Take the 2-minute tour ×
Stack Overflow is a question and answer site for professional and enthusiast programmers. It's 100% free, no registration required.

We have a system with 2 clients (which will increase). These two clients connect to the same server/database, however neither should be able to see the others sensitive information. There is however some shared non sensitive information.

There is also an administrative department who does work on behalf on both of the clients. They are allowed to see all sensitive data.

We currently handle this by holding a ClientID against the tables in question and with a mixture of views and queries check against the ClientID to control access for each client.

I want to move to a consistent handling of this in our system e.g. all views, or all queries, however I just wondered if there was perhaps an easier/ better Pattern than using views to handle this situation?

We're using Sql Server 2005 however upgrade to 2008 is possible.


share|improve this question

1 Answer 1

the most logical way is to have (indexed) views filtered by what each user can see. add read/write permisisons to each client for their views. admins access the tables directly.

but it looks to me that each client is a logicaly separated entity form the others. if that's the case you might consider having 1 db per client and 1 db for shared stuff. admins can access everything, each client cas only access it's own db and read from common db.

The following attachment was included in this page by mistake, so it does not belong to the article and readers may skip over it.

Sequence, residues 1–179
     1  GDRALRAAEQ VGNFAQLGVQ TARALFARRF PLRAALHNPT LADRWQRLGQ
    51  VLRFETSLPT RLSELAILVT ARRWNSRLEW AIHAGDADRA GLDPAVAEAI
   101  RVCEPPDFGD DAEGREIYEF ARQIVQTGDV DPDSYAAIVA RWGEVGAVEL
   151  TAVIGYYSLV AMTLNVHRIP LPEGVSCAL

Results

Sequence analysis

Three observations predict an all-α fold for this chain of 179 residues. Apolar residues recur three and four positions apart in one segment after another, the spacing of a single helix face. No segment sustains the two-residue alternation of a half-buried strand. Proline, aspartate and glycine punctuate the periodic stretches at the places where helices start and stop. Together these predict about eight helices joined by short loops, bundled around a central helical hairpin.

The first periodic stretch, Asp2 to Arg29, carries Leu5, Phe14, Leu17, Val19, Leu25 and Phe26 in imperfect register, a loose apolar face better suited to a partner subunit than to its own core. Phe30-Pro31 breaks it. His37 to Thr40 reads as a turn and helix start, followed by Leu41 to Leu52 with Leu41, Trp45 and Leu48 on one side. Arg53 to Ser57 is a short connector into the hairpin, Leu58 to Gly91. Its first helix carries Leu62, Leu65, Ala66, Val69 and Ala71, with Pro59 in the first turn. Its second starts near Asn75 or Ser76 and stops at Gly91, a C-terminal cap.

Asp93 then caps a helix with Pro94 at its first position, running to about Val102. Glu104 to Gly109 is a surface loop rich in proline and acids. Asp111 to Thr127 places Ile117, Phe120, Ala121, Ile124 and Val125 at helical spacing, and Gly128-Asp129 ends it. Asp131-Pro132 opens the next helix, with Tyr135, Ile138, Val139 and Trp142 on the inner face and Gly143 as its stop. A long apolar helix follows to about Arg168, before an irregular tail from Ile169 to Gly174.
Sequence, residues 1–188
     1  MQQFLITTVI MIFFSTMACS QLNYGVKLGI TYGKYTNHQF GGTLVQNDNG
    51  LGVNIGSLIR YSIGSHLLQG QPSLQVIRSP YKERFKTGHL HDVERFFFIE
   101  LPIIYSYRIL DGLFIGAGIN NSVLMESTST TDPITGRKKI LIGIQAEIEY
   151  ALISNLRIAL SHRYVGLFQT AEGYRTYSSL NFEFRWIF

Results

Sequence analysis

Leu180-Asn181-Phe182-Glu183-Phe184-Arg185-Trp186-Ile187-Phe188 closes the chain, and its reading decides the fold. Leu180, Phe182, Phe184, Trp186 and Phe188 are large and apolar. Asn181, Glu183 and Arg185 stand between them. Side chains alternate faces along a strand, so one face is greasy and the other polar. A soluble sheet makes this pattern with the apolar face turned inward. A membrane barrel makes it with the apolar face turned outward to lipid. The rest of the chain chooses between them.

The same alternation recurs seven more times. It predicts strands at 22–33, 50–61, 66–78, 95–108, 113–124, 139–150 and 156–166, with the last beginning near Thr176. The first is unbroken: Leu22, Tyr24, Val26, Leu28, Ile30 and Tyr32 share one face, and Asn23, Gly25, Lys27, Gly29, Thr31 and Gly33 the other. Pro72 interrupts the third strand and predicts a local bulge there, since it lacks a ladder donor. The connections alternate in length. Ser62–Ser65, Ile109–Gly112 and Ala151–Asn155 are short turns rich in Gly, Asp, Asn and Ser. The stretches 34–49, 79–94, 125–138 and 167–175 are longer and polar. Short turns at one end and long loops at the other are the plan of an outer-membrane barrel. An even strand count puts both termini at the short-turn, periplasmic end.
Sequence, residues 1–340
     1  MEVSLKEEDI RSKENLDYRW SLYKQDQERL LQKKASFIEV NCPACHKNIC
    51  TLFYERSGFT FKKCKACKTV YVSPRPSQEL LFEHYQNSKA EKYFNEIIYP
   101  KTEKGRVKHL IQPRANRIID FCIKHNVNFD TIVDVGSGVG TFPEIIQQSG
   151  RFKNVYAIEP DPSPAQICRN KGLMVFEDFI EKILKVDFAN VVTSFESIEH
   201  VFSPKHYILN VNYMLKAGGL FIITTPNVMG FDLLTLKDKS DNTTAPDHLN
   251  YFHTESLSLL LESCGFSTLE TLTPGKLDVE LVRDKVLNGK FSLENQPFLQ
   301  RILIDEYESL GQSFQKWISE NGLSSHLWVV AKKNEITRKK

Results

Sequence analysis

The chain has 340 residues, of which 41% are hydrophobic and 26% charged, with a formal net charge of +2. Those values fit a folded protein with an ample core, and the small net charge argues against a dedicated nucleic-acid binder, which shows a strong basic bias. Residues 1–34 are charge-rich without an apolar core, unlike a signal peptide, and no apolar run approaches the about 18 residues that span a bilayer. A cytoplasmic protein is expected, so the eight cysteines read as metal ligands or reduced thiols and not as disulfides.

a 3rd option is to look into schemas and separate your clients there.

share|improve this answer
Exactly how we handle reporting in MS Reporting Services; we have views that join by SPID to tables that determine permissions over the data on a row level at execution time. –  u07ch Jul 7 '09 at 16:39
you join by spids? so you populate the spid table everytime a new user connects? –  Mladen Prajdic Jul 7 '09 at 16:44
So if we have 50 clients the app for the admins for need to make connections to all 50 databases? –  MrEdmundo Jul 7 '09 at 17:13
it's an option that i have seen people use. you have to decide if it's a good one for your case. –  Mladen Prajdic Jul 7 '09 at 19:17
Well thanks for the answer anyways. It doesn't help me but I can see what you're suggesting. –  MrEdmundo Jul 8 '09 at 8:57

Your Answer


By posting your answer, you agree to the privacy policy and terms of service.

Not the answer you're looking for? Browse other questions tagged or ask your own question.